RULE 60. Relief From Judgment or Order

(B) Mistakes; inadvertence; excusable neglect; newly discovered evidence; fraud; etc.

On motion and upon such terms as are just, the court may relieve a party or his legal representative from a final judgment, order or proceeding for the following reasons: (1) mistake, inadvertence, surprise or excusable neglect; (2) newly discovered evidence which by due diligence could not have been discovered in time to move for a new trial under Rule 59(B); (3) fraud (whether heretofore denominated intrinsic or extrinsic), misrepresentation or other misconduct of an adverse party; (4) the judgment has been satisfied, released or discharged, or a prior judgment upon which it is based has been reversed or otherwise vacated, or it is no longer equitable that the judgment should have prospective application; or (5) any other reason justifying relief from the judgment. The motion shall be made within a reasonable time, and for reasons (1), (2) and (3) not more than one year after the judgment, order or proceeding was entered or taken. A motion under this subdivision (B) does not affect the finality of a judgment or suspend its operation.

Often relief from an order regarding the amount or duration of spousal support is premised on Civ.R. 60(B)(5). This rule provides that the trial court may relieve a party from a final judgment for any "reason justifying relief from that judgment." The rule is intended as a catch-all provision reflecting the inherent power of the trial court to relieve a person from the unjust operation of a judgment.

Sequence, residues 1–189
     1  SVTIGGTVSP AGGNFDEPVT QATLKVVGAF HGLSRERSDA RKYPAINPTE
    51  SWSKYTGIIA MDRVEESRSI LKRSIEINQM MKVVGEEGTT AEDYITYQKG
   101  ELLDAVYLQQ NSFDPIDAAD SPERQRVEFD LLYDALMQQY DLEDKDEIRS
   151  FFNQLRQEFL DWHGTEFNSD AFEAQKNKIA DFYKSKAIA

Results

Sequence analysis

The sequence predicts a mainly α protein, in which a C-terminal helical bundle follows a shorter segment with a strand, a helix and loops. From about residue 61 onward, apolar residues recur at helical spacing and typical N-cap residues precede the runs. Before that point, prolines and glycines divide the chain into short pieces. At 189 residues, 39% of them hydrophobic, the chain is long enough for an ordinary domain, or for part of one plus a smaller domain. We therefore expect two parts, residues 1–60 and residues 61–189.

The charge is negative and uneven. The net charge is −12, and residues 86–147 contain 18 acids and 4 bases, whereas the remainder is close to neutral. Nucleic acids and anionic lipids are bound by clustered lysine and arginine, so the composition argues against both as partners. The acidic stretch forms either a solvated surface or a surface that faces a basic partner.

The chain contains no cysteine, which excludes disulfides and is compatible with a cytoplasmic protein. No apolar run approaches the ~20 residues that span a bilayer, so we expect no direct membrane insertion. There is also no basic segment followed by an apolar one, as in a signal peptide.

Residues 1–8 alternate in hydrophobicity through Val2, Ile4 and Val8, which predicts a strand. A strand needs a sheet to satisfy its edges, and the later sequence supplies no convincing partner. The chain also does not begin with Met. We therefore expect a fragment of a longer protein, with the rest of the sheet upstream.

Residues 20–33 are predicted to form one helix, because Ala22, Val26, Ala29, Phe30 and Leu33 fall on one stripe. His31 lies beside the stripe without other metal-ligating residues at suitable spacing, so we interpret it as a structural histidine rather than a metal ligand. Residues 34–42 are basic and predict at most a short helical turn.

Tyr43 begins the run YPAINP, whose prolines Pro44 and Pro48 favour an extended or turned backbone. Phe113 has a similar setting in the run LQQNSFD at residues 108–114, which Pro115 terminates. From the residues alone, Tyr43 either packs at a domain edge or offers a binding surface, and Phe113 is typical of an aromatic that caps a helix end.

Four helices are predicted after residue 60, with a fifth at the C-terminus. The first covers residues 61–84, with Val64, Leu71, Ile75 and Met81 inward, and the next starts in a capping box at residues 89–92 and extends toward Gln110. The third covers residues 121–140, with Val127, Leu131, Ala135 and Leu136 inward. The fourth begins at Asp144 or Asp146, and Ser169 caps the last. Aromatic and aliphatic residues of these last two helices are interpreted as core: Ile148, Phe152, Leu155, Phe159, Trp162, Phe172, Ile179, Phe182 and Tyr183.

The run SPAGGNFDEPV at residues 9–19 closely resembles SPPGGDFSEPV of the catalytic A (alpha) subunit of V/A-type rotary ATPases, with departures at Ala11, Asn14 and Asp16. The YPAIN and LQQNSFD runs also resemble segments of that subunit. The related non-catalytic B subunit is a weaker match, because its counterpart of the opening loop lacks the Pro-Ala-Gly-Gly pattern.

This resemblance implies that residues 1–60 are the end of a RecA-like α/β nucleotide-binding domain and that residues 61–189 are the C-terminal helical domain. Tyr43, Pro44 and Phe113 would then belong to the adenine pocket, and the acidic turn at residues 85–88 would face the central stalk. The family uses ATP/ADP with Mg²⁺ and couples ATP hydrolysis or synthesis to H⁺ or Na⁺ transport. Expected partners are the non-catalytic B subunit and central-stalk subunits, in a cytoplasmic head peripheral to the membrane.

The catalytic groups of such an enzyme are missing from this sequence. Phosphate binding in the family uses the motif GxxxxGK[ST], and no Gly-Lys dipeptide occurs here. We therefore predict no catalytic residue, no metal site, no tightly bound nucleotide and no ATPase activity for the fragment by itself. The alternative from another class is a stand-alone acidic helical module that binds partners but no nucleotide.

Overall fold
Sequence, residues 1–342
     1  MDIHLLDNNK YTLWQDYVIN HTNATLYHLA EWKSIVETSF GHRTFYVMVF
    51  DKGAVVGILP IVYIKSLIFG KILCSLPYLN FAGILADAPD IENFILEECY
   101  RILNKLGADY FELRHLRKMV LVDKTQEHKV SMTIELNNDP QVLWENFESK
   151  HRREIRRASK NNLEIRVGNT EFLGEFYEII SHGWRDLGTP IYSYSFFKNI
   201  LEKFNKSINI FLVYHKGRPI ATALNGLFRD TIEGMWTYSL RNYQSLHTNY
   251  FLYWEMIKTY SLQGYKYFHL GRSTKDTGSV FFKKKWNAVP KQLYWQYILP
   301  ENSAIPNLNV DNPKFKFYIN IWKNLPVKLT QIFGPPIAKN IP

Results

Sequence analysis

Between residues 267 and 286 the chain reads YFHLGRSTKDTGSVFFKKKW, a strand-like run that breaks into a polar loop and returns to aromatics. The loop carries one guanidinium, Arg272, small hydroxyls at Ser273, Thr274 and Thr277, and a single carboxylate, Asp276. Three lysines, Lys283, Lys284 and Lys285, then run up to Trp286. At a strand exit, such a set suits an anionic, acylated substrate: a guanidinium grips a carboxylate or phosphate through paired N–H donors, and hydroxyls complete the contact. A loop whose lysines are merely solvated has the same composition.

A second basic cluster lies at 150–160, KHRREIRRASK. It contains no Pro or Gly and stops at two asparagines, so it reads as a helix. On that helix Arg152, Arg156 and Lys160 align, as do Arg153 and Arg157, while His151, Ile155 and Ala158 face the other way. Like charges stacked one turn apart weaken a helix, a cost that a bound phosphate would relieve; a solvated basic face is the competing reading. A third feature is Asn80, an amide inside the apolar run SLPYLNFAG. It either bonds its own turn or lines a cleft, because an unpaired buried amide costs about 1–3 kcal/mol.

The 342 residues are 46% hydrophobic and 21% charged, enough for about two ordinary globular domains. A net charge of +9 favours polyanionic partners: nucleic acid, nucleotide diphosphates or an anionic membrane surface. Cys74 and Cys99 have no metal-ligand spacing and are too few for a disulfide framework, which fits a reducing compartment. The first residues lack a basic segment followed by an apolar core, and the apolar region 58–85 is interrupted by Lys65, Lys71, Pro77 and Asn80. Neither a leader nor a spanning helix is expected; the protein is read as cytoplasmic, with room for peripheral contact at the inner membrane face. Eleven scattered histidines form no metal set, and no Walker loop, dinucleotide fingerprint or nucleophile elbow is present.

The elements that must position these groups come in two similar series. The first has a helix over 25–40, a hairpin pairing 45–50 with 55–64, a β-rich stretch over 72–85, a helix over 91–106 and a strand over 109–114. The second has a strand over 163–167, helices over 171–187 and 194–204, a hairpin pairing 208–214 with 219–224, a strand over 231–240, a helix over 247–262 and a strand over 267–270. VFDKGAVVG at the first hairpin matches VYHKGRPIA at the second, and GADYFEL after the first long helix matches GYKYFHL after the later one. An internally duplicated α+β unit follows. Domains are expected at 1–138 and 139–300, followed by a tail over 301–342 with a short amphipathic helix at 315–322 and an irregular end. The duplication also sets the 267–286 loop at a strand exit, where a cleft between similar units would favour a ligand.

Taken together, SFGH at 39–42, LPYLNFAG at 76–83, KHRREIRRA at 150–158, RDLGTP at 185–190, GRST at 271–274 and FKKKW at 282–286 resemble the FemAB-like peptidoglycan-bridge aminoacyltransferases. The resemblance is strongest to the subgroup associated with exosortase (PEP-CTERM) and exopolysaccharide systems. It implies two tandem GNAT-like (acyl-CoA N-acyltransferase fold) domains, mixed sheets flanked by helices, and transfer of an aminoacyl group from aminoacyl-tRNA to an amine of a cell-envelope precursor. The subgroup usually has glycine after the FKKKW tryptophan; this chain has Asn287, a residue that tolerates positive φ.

Before filing a motion pursuant to Civ.R. 60(B), the party seeking a modification of the court’s prior spousal support order must carefully consider Ohio Revised Code 3105.18 (E)(F) as set out above.
Should You Appeal The Court's Decision?
Trial Court's Discretion:
The trial court is accorded broad discretion in determining whether to modify an existing spousal support award. Hines v. Hines, 3d Dist. No. 9-10-15, 2010-Ohio-4807, ¶ 17; Mottice v. Mottice (1997), 118 Ohio App.3d 731, 735, 693 N.E.2d 1179.
A trial court's decision regarding modification of a spousal support award will not be disturbed on appeal absent a finding that the court abused its discretion.
See Bostick v. Bostick, 3d Dist. No. 1-02-83, 2003-Ohio-5121, ¶ 8, citing Booth v. Booth (1989), 44 Ohio St.3d 142, 144, 541 N.E.2d 1028.
An abuse of discretion amounts to the trial court being found to have made an unconscionable, unreasonable, or arbitrary judgment. You may feel the trial court made an error in its judgment, but, before pursuing a costly appeal, consider what an appellate court must find to hold the trial court's judgment constituted an abuse of discretion.
The above information is not offered as, and does not constitute, legal advice. The information presumes you are not currently represented by an attorney who knows your specific circumstances.